First Mini-Harvest of Stinging Nettle on the First of March!

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It was the inaugural day of harvesting Stinging Nettle for the season. Here in the Willamette Valley the nettles are still small – probably no taller than 10 inches at the most. But harvesting the top part of the leaves above a node is a perfect way to ensure more will grow during the season.

My co-worker told me a wonderful way of continual harvest during the season. He goes out every couple of weekends to harvest then comes home to blanche and freeze the greens for preservation. This way he has plenty throughout the summer and into the next winter of exquisite plant goodness.

After coming home today I snipped off all the leaves from the fibrous stem and plopped them in a pot. I put a small amount of water in the bottom and turned on the heat so that they would steam and wilt. Then I will put them in a freezer bag and add throughout the season. The stems, being too fibrous, I will save in a mason jar and add Apple Cider Vinegar as I go. Nettle Vinegar is an excellent medicine and food addition.

Along my harvest walk today I was just giddy seeing all the other beauties popping up to say hello:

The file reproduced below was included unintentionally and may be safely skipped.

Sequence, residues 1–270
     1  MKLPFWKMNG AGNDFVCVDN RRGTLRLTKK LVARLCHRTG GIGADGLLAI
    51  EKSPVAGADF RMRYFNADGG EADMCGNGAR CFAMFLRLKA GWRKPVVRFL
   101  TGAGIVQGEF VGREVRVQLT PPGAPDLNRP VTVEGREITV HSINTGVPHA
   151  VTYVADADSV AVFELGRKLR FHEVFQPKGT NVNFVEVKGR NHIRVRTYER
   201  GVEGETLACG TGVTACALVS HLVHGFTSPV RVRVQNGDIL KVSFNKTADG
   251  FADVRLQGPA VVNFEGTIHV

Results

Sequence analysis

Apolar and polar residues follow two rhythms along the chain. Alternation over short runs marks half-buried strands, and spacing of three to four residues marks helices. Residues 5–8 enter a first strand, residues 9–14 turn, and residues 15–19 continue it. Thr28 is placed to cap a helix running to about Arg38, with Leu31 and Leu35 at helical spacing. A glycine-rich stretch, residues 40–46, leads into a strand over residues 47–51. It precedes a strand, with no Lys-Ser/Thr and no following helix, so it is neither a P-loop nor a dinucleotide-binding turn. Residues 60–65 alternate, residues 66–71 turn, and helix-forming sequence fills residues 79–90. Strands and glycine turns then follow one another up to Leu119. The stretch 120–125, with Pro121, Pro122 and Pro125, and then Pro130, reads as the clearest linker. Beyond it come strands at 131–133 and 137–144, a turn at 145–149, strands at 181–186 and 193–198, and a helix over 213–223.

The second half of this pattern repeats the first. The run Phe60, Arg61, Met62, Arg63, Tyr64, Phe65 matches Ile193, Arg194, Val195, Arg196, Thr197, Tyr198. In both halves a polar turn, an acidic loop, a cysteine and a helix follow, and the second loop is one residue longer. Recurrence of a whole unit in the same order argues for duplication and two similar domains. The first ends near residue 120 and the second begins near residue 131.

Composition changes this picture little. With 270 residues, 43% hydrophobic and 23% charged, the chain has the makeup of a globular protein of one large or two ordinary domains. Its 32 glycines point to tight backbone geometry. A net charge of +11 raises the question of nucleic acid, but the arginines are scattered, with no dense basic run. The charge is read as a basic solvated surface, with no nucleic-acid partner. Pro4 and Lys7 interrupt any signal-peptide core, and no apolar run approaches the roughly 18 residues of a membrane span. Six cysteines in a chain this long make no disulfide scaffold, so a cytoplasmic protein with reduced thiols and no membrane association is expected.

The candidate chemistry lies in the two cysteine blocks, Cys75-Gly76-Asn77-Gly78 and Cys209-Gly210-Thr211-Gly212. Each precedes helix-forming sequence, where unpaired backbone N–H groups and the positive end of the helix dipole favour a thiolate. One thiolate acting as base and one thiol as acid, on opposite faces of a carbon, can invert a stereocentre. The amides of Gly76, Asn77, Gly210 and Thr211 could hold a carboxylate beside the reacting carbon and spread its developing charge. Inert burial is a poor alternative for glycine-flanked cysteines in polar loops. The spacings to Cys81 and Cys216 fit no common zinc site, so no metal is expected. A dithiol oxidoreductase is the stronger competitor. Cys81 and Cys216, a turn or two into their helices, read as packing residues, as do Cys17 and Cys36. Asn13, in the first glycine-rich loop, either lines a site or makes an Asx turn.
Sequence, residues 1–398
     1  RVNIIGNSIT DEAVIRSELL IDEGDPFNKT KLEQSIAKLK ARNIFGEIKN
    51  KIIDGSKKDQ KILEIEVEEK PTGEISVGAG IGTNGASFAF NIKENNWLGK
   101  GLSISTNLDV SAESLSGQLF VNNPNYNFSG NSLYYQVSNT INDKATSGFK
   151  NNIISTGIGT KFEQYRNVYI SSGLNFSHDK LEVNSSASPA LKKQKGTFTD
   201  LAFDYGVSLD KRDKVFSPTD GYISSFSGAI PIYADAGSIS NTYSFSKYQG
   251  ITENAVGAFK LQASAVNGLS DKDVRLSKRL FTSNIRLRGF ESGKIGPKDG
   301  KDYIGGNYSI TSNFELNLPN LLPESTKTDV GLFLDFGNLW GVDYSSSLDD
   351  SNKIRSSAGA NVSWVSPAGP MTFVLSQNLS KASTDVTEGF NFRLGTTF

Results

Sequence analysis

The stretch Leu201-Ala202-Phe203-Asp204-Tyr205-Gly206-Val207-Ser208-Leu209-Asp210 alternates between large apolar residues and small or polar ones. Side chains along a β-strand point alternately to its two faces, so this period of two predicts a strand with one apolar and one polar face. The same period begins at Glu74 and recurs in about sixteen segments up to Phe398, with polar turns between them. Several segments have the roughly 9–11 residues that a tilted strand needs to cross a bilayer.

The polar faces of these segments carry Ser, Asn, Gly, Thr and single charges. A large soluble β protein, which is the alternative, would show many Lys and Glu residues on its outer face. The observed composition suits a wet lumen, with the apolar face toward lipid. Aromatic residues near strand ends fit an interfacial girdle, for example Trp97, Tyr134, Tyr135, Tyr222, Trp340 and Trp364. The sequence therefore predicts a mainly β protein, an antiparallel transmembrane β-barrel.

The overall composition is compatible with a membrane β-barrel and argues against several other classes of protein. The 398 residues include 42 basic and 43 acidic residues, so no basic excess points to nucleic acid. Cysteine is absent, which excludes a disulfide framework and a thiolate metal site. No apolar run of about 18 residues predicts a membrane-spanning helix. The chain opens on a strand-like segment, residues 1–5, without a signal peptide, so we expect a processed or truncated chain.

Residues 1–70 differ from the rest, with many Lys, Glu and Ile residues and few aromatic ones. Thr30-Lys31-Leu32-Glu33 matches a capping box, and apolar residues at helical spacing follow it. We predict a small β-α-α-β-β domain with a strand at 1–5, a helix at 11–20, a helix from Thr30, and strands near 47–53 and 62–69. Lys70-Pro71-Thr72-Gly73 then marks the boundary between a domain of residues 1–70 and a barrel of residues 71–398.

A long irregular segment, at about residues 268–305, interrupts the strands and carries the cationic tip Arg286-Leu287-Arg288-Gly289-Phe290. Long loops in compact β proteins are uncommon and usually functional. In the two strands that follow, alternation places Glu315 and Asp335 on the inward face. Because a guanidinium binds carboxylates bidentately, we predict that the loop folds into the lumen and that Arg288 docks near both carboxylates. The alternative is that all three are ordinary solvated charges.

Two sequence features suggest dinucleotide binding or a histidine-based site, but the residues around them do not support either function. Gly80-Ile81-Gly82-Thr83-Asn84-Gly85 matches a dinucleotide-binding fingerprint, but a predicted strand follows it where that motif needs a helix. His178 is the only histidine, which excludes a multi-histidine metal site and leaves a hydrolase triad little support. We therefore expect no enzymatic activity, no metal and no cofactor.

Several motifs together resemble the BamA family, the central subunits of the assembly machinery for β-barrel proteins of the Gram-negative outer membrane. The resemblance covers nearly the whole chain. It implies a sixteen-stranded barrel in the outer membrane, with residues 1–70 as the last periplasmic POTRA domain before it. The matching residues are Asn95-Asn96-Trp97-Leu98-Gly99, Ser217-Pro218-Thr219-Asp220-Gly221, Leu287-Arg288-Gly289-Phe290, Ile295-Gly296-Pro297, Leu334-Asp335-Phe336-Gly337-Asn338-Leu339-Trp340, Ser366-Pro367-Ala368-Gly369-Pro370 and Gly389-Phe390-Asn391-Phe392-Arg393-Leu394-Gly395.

Oso Berry flowers and leaves
English Daisy flowers
Trillium or Wake Robin – just beginning to bud and unfurl
Chickweed (which by the way is mixed with the Nettle in the picture)
Cleavers
Waterleaf
First leaves of Bleeding Heart
and so much more.

Happy Pre-Spring!!

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6 comments on “First Mini-Harvest of Stinging Nettle on the First of March!

  1. Kathy Mezger says:

    What an exciting time it is. Thanks for the tip about blanching the nettles. Great idea.

  2. Becky Lerner says:

    Lovely photo of nettles! What is the Latin name of Oso berry?

  3. aimee says:

    rats – up here at the 49th parallel it is still too early for nettles – I think! Now I’m inspired to go walk the fence lines.

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